Links Between Metabolic and Structural Changes in the Brain of Cognitively Normal Older Adults: A 4-Year Longitudinal Follow-Up.

TitleLinks Between Metabolic and Structural Changes in the Brain of Cognitively Normal Older Adults: A 4-Year Longitudinal Follow-Up.
Publication TypeJournal Article
Year of Publication2019
AuthorsCastellano, C-A, Hudon, C, Croteau, E, Fortier, M, St-Pierre, V, Vandenberghe, C, Nugent, S, Tremblay, S, Paquet, N, Lepage, M, Fülöp, T, Turcotte, ÉE, Dionne, IJ, Potvin, O, Duchesne, S, Cunnane, SC
JournalFront Aging Neurosci
Volume11
Pagination15
Date Published2019
ISSN1663-4365
Abstract

We aimed to longitudinally assess the relationship between changing brain energy metabolism (glucose and acetoacetate) and cognition during healthy aging. Participants aged 71 ± 5 year underwent cognitive evaluation and quantitative positron emission tomography (PET) and magnetic resonance imaging (MRI) scans at baseline ( = 25) and two ( = 25) and four ( = 16) years later. During the follow-up, the rate constant for brain extraction of glucose (K) declined by 6%-12% mainly in the temporo-parietal lobes and cingulate gyri ( ≤ 0.05), whereas brain acetoacetate extraction (Kacac) and utilization remained unchanged in all brain regions ( ≥ 0.06). Over the 4 years, cognitive results remained within the normal age range but an age-related decline was observed in processing speed. K in the caudate was directly related to performance on several cognitive tests ( = +0.41 to +0.43, ≤ 0.04). Peripheral insulin resistance assessed by the homeostasis model assessment of insulin resistance (HOMA-IR) was significantly inversely related to K in the thalamus ( = -0.44, = 0.04) and in the caudate ( = -0.43, = 0.05), and also inversely related to executive function, attention and processing speed ( = -0.45 to -0.53, all ≤ 0.03). We confirm in a longitudinal setting that the age-related decline in K is directly associated with declining performance on some tests of cognition but does not significantly affect Kacac.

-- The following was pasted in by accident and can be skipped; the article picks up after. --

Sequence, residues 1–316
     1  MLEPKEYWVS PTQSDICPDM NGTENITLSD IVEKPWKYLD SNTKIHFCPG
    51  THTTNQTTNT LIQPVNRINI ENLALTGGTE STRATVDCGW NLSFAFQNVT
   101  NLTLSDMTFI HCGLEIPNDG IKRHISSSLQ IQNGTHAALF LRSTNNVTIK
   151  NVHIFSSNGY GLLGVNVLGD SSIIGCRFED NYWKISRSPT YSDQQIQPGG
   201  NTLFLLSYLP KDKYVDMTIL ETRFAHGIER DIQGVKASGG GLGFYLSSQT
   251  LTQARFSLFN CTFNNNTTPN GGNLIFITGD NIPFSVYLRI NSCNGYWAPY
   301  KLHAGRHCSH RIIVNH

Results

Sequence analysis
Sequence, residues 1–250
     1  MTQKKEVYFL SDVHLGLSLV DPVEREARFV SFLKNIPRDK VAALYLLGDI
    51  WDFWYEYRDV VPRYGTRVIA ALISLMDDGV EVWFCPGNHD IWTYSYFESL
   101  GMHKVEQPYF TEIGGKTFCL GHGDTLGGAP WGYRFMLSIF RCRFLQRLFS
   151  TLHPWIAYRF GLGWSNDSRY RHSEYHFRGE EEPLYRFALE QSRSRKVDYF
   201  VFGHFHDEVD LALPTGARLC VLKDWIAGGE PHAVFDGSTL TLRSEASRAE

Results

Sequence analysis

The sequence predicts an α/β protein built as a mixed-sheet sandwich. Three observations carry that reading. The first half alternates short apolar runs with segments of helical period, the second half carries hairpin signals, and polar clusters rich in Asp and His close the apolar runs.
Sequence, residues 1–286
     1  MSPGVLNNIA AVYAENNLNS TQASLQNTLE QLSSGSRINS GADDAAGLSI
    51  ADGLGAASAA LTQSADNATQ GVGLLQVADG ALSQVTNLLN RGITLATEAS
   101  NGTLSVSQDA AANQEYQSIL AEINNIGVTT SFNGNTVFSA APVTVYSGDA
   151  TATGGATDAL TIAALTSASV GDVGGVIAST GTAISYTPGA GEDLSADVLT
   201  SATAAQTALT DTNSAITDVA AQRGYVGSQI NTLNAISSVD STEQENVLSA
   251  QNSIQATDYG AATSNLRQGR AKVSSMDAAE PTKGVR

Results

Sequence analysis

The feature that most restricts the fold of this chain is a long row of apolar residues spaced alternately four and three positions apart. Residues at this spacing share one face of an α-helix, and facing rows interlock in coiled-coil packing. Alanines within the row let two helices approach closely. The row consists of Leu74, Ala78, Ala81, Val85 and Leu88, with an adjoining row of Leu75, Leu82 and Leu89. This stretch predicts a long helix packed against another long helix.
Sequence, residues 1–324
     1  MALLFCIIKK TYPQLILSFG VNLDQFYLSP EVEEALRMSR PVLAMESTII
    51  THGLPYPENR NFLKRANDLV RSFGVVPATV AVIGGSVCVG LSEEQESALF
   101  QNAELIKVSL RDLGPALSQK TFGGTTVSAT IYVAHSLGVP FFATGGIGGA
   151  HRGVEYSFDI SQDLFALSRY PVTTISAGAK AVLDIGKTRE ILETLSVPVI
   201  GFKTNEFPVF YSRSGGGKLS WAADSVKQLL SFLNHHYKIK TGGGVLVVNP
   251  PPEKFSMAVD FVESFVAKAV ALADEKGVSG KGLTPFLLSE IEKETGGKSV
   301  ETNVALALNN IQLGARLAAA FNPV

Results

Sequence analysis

DOI10.3389/fnagi.2019.00015
Alternate JournalFront Aging Neurosci
PubMed ID30828297
PubMed Central IDPMC6384269